Foodies 'fooled' by label

By Celeste Gorrell Anstiss

A pig being held in a sow crate. Photo / Supplied
A pig being held in a sow crate. Photo / Supplied

'Tis the season for ham and pork crackling - but animal welfare groups are warning foodies not to be fooled by products carrying the "PigCare" seal of approval.

The blue label pictures a healthy looking pig and the words "PigCare Accredited", and is being rolled out on packaging on selected pork, bacon and ham this week.

But Save Animals From Exploitation director Hans Kriek said the label was no more than a "PR exercise" because farms using sow crates and farrowing stalls came within the accreditation standard.

"If you're concerned about factory farming then this label doesn't help you," Kriek said.

"People will be fooled. They see a stamp of approval and think the meat will be ethical. But effectively it only means the farm complies with the code of welfare, and that's the same code everyone is upset about."

PigCare Accreditation is given to farms that opt into NZ Pork's voluntary audit programme and comply with the minimum standards set out by the Animal Welfare Act 2005.

So far 123 farms have been audited and just eight have failed. The identities of the failed farms remain under wraps by NZ Pork.

And meat from Kuku Beach Rd Piggery - featured in Mike King's 2009 television expose of alleged cruelty - will carry the PigCare label, despite its continued use of sow crates.

But while factory farms embrace the new gimmick, genuine free-range farms are refusing to be part of the scheme. Freedom Farms co-founder Gregor Fyfe said the label was "virtually meaningless". "It would be easy to look at it and wrongly assume it means no sow crates," he said.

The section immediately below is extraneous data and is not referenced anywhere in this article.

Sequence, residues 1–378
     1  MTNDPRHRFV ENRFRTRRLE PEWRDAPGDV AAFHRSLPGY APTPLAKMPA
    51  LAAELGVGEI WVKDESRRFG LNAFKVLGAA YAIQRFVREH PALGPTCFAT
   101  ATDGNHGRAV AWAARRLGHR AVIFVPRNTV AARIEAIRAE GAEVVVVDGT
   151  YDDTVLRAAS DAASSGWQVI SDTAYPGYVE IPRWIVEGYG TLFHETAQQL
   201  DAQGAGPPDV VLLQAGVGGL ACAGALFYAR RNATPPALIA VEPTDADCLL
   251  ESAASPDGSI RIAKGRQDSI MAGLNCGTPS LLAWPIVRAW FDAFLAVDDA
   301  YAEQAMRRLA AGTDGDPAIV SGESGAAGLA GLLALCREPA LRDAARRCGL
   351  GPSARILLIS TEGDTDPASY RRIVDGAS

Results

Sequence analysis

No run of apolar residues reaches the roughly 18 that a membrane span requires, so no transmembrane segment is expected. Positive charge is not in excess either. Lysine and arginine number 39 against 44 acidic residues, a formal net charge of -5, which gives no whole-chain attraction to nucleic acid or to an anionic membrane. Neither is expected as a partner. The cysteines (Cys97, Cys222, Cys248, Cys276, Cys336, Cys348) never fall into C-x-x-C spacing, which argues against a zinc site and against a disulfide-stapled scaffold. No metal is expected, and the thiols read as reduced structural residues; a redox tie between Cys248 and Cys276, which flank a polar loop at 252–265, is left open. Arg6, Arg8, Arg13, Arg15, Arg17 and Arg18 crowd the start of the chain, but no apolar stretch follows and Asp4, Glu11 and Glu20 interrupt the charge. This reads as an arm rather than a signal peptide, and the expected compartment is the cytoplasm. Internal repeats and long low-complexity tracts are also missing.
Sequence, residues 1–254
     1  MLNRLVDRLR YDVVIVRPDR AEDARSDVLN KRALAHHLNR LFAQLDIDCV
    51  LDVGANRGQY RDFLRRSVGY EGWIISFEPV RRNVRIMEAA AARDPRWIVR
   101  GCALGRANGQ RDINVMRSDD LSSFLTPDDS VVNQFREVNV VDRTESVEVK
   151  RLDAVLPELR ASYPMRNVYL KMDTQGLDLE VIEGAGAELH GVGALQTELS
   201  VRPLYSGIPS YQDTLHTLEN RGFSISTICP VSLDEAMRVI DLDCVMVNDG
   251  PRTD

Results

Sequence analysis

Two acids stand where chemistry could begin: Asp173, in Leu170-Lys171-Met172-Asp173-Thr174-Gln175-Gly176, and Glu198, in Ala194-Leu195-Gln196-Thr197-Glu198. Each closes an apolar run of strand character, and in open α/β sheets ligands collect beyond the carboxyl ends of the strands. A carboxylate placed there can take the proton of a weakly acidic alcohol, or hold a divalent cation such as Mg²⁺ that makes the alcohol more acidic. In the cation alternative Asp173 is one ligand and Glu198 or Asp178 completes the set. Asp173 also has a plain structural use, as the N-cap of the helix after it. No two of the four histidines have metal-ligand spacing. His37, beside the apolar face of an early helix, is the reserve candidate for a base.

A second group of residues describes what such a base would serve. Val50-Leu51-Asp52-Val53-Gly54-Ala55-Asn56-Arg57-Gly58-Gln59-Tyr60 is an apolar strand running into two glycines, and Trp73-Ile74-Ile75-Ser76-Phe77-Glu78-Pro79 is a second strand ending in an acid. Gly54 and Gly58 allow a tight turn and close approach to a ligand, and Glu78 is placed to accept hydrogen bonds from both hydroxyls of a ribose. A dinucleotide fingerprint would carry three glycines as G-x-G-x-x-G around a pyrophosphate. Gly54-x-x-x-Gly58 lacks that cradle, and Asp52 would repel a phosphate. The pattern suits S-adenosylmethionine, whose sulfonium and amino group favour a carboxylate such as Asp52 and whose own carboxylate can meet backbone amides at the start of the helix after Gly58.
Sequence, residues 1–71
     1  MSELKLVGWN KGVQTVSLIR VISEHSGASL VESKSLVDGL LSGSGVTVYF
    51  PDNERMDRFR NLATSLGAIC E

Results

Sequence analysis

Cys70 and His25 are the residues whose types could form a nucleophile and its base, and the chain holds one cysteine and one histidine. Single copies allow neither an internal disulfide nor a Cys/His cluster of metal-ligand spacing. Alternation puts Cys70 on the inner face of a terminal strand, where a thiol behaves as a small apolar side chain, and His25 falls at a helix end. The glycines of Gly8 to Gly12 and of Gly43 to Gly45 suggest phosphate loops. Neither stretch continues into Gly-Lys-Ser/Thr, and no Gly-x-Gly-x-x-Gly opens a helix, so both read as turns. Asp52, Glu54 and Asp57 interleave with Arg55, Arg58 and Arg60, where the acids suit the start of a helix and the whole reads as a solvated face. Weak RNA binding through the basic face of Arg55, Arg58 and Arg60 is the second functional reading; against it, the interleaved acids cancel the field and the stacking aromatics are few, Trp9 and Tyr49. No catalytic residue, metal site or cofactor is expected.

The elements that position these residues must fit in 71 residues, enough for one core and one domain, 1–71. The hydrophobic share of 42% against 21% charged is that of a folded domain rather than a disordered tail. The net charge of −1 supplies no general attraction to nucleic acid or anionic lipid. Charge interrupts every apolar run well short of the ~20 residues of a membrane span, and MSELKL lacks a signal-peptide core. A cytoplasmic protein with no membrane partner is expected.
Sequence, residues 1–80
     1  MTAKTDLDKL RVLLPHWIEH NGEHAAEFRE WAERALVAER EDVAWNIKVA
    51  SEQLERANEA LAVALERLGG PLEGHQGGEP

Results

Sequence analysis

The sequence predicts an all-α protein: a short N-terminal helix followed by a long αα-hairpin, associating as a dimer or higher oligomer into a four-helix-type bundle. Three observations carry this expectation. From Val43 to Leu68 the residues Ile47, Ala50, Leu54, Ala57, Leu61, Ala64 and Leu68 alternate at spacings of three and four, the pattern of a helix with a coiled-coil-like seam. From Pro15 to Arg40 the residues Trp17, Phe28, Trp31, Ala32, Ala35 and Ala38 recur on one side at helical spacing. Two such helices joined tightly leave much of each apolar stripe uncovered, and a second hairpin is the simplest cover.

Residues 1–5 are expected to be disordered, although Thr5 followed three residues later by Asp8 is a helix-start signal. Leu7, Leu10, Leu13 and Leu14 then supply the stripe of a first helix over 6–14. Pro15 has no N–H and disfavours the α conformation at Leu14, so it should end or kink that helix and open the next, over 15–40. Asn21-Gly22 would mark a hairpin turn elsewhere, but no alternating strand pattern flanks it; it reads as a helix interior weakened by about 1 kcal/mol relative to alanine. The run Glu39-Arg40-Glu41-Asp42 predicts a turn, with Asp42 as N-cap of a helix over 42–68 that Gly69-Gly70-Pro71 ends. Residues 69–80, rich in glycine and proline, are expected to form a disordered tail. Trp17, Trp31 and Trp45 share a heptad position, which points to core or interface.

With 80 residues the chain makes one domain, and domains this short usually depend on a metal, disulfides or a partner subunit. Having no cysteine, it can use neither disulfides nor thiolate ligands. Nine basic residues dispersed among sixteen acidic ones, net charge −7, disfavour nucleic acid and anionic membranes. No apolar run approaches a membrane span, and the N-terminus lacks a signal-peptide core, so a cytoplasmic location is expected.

"Consumers ... want a cruelty-free product and they are prepared to vote with their purchasing dollar. This PigCare label will confuse a lot of those people."

Freedom Farms' ham, bacon and fresh pork products are available in 90 per cent of the country's supermarkets and carry the SPCA Blue Tick - extended exclusively to farms with cruelty-free operations.

Fyfe said the pigs on his farms were allowed a high quality of life before they ended up on the dinner table. "They are able to display all the natural behavioural patterns. They form social groups [and] race around outside." Freedom Farms product costs about 20 per cent more than the same products from New Zealand-based factory farms, he said.

SPCA chief executive Robyn Kippenberger also said the PigCare labelling was "deceptive".

"The pork industry continues to fudge the issue of how meat is produced," she said.

"It's just rubbish. The public need to know that unless the packaging says 'free range' or 'free farmed' the animals will be intensively farmed, under great stress and pressure."

Kippenberger said the audits were a step in the right direction because they ensured minimum standards were adhered to. "But it doesn't help the fact the pigs are being incarcerated," she said.

NZ Pork chief executive Sam McIvor defended the PigCare Accreditation concept. "We've made it clear in our communication [to retailers] just what the label stands for. Our recommendation is the retailers clearly label the product."

When asked if the label itself should contain a clearer message, McIvor said: "There's only so much you could put on a label."

Sow crates and farrowing stalls, which restrict the movement of pigs after mating and birth, are permitted under current animal welfare laws.

- Herald on Sunday

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